Review: Lenovo Flex 14

With the Yoga ultrabook, Lenovo delivered a touchscreen that could rotate 360 degrees so it could be used as a tablet or a laptop.

Now, it has tweaked this design for the mainstream market to produce the Flex 14 ultrabook. This costs just $1,199 for the Intel Core i7 version.

The Flex does not transform into a tablet as its hinge is limited to 300 degrees. When you fold the screen backwards, you get a kiosk-like "stand" mode that brings the touchscreen closer to the user.

In this mode, the keyboard and touchpad are automatically disabled. They are inaccessible, as they end up facing the tabletop.

Unfortunately, the touchscreen felt wobbly that I did not feel confident enough to use it to play touch-based games. When watching videos, the images looked decent even when viewed at extreme angles from the sides.

But the screen's resolution of 1,366 x 768 pixels, while reasonable for its price, lacks the pixels to do justice to full-high definition videos.

The Flex 14 looks good in orange and black. More importantly, all attempts to smudge the laptop's soft-touch finish with my fingers were defeated.

But, be warned, at 1.9kg, it is not as light as it looks. The keyboard is the familiar island-style version preferred by Lenovo. The bottom of the keys are slightly rounded for more accurate typing. The Flex 14 has its flaws: The tiny power button on the right side is practically flush with the surface of the laptop and the small volume rocker feels too stiff.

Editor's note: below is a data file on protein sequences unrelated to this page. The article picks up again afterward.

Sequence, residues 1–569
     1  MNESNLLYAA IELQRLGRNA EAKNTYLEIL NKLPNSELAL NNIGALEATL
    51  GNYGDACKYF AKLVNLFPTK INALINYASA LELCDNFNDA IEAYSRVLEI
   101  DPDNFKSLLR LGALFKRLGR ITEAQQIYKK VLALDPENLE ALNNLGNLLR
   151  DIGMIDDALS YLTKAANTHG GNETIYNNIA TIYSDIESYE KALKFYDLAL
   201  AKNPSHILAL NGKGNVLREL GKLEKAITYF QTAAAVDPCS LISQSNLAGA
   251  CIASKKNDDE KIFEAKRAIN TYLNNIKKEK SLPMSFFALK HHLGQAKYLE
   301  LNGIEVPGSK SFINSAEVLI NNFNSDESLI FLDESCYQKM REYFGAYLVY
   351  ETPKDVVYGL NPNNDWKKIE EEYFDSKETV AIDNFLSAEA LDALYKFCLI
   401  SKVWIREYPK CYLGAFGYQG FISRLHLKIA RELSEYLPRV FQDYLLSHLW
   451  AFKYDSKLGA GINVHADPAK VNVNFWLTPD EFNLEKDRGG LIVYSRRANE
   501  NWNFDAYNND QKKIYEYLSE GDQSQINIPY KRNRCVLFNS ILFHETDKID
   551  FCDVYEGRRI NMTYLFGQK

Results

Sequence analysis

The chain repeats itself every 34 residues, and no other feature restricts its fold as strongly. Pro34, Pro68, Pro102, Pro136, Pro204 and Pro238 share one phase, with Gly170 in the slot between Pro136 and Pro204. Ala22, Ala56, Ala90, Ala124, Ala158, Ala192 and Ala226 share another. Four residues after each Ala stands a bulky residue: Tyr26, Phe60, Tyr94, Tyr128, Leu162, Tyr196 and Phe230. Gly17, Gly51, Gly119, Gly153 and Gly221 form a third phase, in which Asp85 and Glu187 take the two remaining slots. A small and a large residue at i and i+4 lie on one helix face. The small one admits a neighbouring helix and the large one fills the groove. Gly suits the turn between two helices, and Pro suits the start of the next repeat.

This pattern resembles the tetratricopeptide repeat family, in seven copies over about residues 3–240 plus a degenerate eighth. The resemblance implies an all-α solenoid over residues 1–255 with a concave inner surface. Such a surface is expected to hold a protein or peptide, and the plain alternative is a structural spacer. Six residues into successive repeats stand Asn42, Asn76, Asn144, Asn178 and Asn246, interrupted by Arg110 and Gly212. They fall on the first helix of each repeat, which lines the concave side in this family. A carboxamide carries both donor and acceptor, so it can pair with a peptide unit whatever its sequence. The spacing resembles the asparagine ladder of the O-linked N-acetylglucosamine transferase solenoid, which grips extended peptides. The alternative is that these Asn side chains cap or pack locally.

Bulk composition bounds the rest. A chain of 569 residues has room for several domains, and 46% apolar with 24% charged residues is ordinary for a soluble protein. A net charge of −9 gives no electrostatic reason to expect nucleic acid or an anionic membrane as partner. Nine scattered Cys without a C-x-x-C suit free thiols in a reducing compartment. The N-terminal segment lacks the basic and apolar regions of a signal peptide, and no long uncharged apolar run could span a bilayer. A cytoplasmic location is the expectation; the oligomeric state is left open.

Unlike the typical ultrabook, the Flex 14 has a removable battery. This ultrabook lasted 6hr 19min while playing a video continuously in Digital Life's standard battery test.

Already installed in the Flex is an Energy Manager application with pre-defined power consumption profiles to suit most users.

It also monitors your running applications and tells you which ones are draining your battery. There is even a function that rapidly spins the internal fan to dislodge accumulated dust and ensure optimal performance.

The ultra-low voltage Intel Haswell chip inside the Flex 14 is mostly responsible for the good battery stamina. But having just 4GB of RAM feels measly, even for a budget PC.

The ultrabook also has an Nvidia GeForce GT 720M graphics chip, which provides better performance than an integrated graphics chip.

The downside is that battery life will almost surely take a hit when the Flex is running games or other 3-D applications that use the Nvidia chip.

The flexible hinge that gives this mainstream ultrabook its name is useful, but not essential. Instead, its reasonable price, good battery life and fairly attractive design are some of its stronger draws.


Price: $1,199 Processor: Intel Core i7-4500U (1.8GHz) Graphics: Nvidia GeForce GT 720M 2GB RAM: 4GB Screen size: 14 inches, 1,366 x 768 pixels Connectivity: 1 x USB 3.0, 2 x USB 2.0, HDMI, SD card reader, Ethernet, headphone jack Battery: 48 watt-hour


Features: 3 Design: 4 Performance: 3 Value for money: 4 Battery life: 4 Overall: 4

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